Do Not Call Back 'One Ring' Robocalls Spreading in New York — or Risk Big Fees, FCC warns - NBC New York
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Do Not Call Back 'One Ring' Robocalls Spreading in New York — or Risk Big Fees, FCC warns

The calls often occur multiple times in the middle of the night and use a "222" country code

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    NEWSLETTERS

    Do Not Call Back 'One Ring' Robocalls Spreading in New York — or Risk Big Fees, FCC warns
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    What to Know

    • A wave of scam robocalls called "One Ring" or "Wangiri" calls have targeted area codes in New York.

    • The calls, which only last for one or two rings, often occur multiple times in the middle of the night and use a "222" country code.

    • The goal of the scam is for recipients to call the number back and incur big per-minute toll charges, which get paid largely to the scammer.

    A reported wave of scam robocalls has been spreading in New York — but don't call the number back, the FCC warns.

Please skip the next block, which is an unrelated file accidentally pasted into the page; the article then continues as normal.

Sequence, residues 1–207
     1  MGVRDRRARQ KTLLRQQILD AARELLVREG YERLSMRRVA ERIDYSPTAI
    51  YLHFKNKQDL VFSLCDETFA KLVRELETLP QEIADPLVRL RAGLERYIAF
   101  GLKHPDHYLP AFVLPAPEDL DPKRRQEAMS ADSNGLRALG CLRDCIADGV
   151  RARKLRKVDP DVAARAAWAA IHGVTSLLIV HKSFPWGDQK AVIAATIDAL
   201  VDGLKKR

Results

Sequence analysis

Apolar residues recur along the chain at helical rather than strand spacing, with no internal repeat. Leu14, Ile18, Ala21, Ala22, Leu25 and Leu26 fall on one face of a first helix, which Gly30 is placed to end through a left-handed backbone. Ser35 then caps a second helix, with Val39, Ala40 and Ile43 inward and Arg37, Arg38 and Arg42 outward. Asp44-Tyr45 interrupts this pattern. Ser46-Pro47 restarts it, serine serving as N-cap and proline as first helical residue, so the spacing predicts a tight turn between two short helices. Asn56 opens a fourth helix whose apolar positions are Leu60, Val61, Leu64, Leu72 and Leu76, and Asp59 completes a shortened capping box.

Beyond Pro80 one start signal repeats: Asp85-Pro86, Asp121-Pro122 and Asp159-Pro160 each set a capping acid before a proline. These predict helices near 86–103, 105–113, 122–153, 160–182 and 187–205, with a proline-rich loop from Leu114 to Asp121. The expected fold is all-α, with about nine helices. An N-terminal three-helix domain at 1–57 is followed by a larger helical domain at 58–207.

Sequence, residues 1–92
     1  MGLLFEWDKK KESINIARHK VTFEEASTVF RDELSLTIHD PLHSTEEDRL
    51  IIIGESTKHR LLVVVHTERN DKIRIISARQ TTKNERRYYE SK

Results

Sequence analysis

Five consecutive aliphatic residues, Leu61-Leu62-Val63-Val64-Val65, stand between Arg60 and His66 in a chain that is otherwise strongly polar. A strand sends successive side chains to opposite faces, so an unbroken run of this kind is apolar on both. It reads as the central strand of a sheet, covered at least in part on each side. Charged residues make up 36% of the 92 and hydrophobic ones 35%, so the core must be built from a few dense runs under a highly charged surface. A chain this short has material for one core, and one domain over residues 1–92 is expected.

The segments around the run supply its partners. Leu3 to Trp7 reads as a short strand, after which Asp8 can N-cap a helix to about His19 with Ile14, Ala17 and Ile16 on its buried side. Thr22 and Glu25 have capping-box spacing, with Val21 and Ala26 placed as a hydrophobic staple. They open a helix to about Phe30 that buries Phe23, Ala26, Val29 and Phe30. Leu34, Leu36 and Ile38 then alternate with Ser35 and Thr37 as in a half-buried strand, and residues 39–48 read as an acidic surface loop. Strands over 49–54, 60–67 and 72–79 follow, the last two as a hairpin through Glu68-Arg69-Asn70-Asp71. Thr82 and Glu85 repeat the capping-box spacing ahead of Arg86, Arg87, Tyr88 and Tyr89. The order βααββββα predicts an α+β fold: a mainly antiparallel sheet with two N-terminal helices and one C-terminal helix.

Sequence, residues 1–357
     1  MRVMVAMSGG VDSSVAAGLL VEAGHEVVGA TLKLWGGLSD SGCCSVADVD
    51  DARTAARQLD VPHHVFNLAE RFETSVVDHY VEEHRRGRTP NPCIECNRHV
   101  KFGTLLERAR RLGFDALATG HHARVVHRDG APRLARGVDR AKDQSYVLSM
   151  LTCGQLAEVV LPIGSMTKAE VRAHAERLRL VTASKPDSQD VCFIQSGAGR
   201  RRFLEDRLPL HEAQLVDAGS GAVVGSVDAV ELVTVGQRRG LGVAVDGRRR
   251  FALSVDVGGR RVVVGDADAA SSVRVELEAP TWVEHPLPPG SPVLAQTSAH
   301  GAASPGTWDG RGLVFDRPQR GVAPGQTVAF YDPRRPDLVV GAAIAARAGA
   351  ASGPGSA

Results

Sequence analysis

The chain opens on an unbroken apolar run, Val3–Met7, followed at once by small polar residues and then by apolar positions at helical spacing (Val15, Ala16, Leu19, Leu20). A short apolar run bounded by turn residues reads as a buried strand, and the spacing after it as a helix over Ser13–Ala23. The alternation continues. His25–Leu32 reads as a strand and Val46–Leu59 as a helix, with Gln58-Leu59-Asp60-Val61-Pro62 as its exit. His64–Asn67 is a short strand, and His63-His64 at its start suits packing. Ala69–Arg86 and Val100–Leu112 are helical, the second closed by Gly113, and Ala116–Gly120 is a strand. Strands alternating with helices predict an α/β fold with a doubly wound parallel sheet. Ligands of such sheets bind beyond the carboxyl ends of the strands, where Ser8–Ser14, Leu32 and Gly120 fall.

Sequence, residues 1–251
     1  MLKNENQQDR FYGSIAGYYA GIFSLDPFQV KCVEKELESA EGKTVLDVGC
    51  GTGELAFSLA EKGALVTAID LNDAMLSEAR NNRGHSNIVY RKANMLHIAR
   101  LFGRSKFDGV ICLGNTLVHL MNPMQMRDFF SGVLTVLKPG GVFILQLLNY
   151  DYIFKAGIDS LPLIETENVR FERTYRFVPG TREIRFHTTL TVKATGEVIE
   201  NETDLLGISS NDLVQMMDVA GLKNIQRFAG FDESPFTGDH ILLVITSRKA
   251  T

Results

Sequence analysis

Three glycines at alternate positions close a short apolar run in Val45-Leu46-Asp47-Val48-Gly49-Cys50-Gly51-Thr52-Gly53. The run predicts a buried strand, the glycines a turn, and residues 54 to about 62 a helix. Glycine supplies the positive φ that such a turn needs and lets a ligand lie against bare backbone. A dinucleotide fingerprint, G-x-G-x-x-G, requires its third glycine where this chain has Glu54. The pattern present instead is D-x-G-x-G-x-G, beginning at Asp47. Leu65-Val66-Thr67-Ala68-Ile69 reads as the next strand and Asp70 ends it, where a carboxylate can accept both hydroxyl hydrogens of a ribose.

The scam phone calls are known as "One Ring" or "Wangiri" robocalls, and are known to target specific area codes in bursts.

    The calls, which only last for one or two rings, often occur multiple times in the middle of the night and use a "222" country code from the African nation of Mauritania. Other country codes have also been used, including "232" from Sierra Leone.

    The goal of the scam is for recipients to call the number back and incur big per-minute toll charges, similar to a 900 number. The fee that piles up gets paid largely to the scammer.

    In addition to numerous reports of the calls in New York, there have been widespread reports of the calls happening in Arizona.

    The Federal Communications Commission strongly recommends anyone who has received these calls to file a complaint on their website. The agency also suggests recipients check their phone bill for unfamiliar charges, and ask phone companies about blocking international calls.

    Additional information about the “One Ring” scam can also be found in the FCC’s consumer guide.

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